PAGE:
MISSION STATEMENT

A dear friend of mine in communications told me I need a one sentence pitch, otherwise it’s not a digestible concept. Mine is this: exploring the depths of middle class culture, values, and actions as a reflection of modern society. I spend copious amounts of my waking moments reflecting on this and its influence on our decision making, but until now have not had an outlet. As a result, it’s enhanced my well-documented ability to rant too much at dear friends and family, especially when drunk. Half the reason I’m writing is an AA-like contrition measure to salvage my friendships and relationships.

The other half is about my fascination with what motivates us, finding deeper meaning behind our values, beliefs, and institutions. This stems from my observation that middle class public debate – through media, academia, and citizen journalism – too often over simplifies or over analyses. In simplifying, we’re informed by bigotry and/or ideology, resulting in deeply entrenched beliefs; “people are poor because they are lazy and selfish”, “illegal boat people”, or “a free market is the fairest, most free and most effective way of increasing our wealth”. To believe statements like this requires the mind to be hogtied, and wear an eyepatch and chastity belt. This is detrimental for meaningful discussion on complexities of economics, history, poverty, law, and ethics. At the other extreme, though complex analysis can be excellent for economics, history, poverty, law, and ethics, it can be ill-suited for music, film and art. Too frequently, complex analysis can elevate culture on an intellectual pedestal and speak an elite language accessible to few. Don’t get me started on some music reviewer’s definition of the perfect pop song; that doesn’t need to be discussed, ever.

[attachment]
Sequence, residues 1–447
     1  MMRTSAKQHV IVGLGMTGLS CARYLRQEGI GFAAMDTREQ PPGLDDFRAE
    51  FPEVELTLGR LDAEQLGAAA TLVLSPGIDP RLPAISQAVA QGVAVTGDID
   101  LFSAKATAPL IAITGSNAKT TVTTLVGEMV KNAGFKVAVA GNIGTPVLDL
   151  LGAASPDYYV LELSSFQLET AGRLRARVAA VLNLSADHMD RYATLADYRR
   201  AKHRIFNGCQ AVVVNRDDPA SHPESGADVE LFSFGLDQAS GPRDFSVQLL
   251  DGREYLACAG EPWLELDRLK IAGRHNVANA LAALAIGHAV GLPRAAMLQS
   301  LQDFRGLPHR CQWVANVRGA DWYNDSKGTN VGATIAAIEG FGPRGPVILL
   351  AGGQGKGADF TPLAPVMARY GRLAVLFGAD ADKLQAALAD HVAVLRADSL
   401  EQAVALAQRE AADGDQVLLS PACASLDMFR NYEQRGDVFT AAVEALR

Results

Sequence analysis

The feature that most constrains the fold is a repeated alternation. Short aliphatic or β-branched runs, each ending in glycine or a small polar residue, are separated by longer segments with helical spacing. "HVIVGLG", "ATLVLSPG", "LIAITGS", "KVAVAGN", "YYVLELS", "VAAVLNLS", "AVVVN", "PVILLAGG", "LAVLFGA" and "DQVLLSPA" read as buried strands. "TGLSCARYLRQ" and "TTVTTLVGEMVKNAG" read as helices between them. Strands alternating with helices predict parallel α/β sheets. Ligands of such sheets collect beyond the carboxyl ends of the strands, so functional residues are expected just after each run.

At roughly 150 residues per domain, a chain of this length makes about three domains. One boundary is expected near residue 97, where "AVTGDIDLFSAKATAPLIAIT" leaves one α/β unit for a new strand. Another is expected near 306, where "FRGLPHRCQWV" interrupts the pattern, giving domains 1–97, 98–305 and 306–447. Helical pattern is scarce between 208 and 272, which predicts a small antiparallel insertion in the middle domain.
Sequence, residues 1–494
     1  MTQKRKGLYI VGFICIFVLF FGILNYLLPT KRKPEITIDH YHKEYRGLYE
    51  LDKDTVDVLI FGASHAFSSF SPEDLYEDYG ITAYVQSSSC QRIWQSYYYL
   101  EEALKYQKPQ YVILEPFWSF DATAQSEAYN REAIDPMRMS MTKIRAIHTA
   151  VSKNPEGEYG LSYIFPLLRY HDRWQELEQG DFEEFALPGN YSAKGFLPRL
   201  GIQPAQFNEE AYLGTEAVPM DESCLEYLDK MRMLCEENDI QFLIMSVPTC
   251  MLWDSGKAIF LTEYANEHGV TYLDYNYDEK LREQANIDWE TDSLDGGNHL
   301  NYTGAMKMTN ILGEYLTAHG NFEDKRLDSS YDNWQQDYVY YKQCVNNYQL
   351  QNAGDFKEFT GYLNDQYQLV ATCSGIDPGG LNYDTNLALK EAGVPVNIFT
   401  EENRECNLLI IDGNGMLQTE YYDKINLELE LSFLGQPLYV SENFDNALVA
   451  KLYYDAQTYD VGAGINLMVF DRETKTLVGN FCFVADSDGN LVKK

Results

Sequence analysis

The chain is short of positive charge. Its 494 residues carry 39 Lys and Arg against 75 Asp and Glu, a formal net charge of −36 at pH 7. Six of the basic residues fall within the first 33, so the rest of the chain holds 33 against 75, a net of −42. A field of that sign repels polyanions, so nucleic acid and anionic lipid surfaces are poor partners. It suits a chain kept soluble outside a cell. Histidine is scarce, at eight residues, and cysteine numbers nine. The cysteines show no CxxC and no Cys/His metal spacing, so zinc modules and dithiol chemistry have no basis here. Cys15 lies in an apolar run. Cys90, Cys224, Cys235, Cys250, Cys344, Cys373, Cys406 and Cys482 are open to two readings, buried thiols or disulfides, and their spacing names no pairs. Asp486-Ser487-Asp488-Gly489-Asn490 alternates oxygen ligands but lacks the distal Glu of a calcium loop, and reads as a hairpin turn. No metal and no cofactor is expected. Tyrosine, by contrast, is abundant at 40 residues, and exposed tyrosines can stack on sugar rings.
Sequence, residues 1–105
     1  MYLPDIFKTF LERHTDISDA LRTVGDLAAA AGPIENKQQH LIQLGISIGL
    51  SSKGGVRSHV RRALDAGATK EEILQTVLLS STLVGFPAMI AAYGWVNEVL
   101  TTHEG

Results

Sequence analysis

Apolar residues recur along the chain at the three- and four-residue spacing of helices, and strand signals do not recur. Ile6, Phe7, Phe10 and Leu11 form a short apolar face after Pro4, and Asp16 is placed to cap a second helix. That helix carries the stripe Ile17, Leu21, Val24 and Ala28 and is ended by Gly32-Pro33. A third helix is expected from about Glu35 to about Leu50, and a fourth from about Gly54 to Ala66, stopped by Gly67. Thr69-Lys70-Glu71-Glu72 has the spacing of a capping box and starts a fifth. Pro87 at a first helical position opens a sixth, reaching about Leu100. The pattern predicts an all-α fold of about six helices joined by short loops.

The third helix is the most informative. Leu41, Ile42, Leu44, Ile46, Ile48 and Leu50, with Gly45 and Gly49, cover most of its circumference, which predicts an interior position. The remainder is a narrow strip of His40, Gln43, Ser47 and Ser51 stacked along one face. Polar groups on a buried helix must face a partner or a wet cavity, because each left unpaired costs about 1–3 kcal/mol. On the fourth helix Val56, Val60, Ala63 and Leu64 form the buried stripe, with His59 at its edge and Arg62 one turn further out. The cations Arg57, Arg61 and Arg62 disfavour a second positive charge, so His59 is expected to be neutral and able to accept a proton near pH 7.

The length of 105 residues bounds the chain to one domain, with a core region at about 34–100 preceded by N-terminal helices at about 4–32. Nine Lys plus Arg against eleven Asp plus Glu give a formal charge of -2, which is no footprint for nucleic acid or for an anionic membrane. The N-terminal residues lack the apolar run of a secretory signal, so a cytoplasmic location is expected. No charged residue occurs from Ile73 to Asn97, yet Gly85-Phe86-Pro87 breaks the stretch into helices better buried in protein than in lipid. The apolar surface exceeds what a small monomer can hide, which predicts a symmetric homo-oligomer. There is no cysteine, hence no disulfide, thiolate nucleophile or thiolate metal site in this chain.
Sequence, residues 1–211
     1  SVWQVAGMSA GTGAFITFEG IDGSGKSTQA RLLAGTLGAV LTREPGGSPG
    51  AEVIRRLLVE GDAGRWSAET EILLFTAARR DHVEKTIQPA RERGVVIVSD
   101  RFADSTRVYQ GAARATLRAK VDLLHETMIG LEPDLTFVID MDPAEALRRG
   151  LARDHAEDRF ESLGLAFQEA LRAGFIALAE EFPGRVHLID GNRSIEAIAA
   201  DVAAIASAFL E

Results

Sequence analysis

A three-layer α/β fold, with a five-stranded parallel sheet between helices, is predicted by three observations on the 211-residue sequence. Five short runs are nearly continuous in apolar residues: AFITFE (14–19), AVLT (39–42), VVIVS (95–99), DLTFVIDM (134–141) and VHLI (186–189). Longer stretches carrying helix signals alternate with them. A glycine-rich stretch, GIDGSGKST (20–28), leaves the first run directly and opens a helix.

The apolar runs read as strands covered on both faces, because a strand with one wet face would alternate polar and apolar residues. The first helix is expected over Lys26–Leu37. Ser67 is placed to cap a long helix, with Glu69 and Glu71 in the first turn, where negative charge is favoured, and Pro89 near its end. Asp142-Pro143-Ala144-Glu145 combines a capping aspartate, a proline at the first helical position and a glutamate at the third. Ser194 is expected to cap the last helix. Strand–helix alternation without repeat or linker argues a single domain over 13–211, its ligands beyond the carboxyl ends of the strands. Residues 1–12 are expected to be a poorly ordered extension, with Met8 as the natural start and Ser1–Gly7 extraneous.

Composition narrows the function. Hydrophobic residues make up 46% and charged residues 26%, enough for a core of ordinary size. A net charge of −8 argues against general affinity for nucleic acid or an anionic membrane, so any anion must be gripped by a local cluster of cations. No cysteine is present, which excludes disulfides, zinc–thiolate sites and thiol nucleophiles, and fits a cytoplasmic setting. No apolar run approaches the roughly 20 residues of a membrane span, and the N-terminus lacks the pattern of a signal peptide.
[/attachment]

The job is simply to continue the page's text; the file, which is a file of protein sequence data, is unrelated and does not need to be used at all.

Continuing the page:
I write from my conflicting experiences that inform my perspective on the world, as a middle class, young, half-Chinese, half-European, gay, New Zealander living in Melbourne, Australia. This allows me to both cherish and challenge those parts of myself and all of us. I write living as an expatriate between New Zealand and Melbourne worlds, but feeling strongly rooted in neither, and write as such. When I question us, I question myself as part of my environment. I want to fire bursts of rhetorical machine gun warning shots into the air, but not simply destroy, but also construct. I want to connect us to our values and actions rather than tear into us constantly. I want to investigate the why

 

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